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What To Do Before A Customizer Hits the Wall

At what revenue level does it make sense for a company offering configurable products and services to be concerned about its business process being inadequate? I’ll answer that question and more.

Recently, an executive asked me “at what revenue level does it make sense for a company offering configurable products and services to be concerned about its business processes being inadequate?”

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“Customizers” often hit a plateau wherein it becomes nearly impossible to efficiently and effectively offer configurable products and services. Inefficiencies mount as revenue and product variety increase. The level at which a company performance “hits the wall” can vary greatly starting at $10, $20 or $50 million revenue level or at revenue levels 10 or 20 times these amounts.

If a company knows that revenues and product variety will only increase over time and there are already signs of declining operating margins, the best practice is to proactively address the situation now and not wait until the company “hits a wall” financially. Here are some important signs indicating the need for process improvement:

  • Company profits are declining as demand for customized order configurations increases.
  • Customers presently cannot see first-hand what order configuration possibilities exist.
  • Customers learn after they’ve placed orders that their order cannot be produced.
  • Companies end up giving away features and options just to make orders complete.
  • Engineering is mission critical to validating order configurations and supporting production.
  • When it comes to expert knowledge about what order configurations can be produced and how they can be produced, the company is people-dependent rather than process-dependent.
  • There is no central repository of expert knowledge about what configurations can be offered that is shared with those quoting and selling that aligns with the understanding at headquarters.
  • There is no business process owner for making decisions about and managing the addition of new features and options into the offerings.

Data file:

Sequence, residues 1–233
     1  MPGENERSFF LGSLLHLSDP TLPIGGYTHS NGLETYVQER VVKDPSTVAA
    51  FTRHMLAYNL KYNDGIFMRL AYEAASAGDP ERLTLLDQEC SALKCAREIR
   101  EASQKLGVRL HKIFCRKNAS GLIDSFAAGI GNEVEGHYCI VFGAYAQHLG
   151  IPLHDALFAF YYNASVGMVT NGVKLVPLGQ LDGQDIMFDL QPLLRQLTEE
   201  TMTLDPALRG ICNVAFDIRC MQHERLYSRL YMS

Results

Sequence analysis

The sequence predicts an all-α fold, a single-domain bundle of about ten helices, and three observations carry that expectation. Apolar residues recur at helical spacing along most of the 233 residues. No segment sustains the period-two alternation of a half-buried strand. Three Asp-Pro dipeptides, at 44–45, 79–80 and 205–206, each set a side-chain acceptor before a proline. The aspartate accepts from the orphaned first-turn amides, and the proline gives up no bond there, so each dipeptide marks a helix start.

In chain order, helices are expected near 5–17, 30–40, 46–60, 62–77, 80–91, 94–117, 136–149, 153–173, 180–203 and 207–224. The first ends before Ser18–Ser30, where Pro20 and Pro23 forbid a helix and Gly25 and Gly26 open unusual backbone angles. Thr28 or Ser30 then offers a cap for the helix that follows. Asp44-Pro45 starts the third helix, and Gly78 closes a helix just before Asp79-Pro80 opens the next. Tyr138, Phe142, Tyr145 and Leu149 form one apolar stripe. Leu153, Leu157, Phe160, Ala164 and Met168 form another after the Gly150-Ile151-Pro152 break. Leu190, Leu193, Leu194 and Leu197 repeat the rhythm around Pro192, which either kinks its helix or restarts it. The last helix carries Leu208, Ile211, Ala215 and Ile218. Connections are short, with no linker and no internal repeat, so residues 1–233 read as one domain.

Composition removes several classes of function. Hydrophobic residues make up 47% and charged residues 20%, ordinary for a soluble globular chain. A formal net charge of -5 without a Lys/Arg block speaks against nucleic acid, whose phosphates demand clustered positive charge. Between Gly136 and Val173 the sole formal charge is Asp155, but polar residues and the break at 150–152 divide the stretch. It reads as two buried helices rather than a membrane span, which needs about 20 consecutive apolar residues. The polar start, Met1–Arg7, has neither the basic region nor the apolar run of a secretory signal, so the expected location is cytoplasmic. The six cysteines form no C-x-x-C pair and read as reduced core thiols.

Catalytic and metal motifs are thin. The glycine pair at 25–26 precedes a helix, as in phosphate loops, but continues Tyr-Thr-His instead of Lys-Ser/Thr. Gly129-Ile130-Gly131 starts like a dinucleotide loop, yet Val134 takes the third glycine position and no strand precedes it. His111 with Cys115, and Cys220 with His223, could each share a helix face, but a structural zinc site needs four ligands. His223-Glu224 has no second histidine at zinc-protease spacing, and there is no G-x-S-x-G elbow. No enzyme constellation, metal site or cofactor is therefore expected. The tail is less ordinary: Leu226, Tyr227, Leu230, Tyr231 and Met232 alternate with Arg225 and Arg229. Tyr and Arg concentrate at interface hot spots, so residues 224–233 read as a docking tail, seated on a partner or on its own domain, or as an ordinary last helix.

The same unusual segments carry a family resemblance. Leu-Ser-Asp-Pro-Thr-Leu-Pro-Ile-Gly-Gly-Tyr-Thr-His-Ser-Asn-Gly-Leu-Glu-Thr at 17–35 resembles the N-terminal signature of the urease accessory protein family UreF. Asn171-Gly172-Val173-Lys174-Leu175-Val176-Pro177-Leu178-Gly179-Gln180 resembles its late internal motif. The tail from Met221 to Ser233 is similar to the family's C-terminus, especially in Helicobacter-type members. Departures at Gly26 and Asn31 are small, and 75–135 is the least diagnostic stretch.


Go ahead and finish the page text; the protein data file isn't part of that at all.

• There is an in-house process bottleneck in terms of validating order configurations.
  • Customer deliveries are often late based on customer expectations by days, weeks or months.
  • After receipt of an order, there is no “seamlessness” to the process of fulfilling the order–there are many back and forth rework loops rather than steady, forward progress.

Leaders in companies that offer configurable products and services need to understand:

  • Customized products or services required for a specific customer order must be configured, priced and quoted with the same efficiency as standard products.
  • If too high a percentage of orders become “special” or “non-standard,” this is a clear warning sign of a business process falling short of the actual need.
  • The attributes of a customer’s order must be driven by the customer from previously rationalized features and options.
  • Orders are only fulfilled in the context of a specific customer order, not for a marketplace or for finished goods inventory.

It is always preferable to initiate process improvements to ameliorate the operational and financial challenges associated with configurability before a leadership team is forced to react to it. I’ve yet to have a client who has done that. Most wait until the pain is excruciating.

I’d love to hear what you think about this.

For over 30 years, Dave Gardner has helped companies discover that the royal road to the ultimate customer relationship is letting customers order à la carte. He assists clients with strategies for “The à la carte customerTM,” and in dramatic improvements in efficiencies and profits. Dave, a management consultant and speaker residing in Silicon Valley, can be reached at +1 888 488-4976 or through his website at http://www.gardnerandassoc.com. You can also follow him on Twitter @Gardner_Dave

About the author

Dave Gardner is a management consultant, speaker, blogger and author based in Silicon Valley. He's been in the front row for the birth and evolution of Silicon Valley, the innovation capital of the world.

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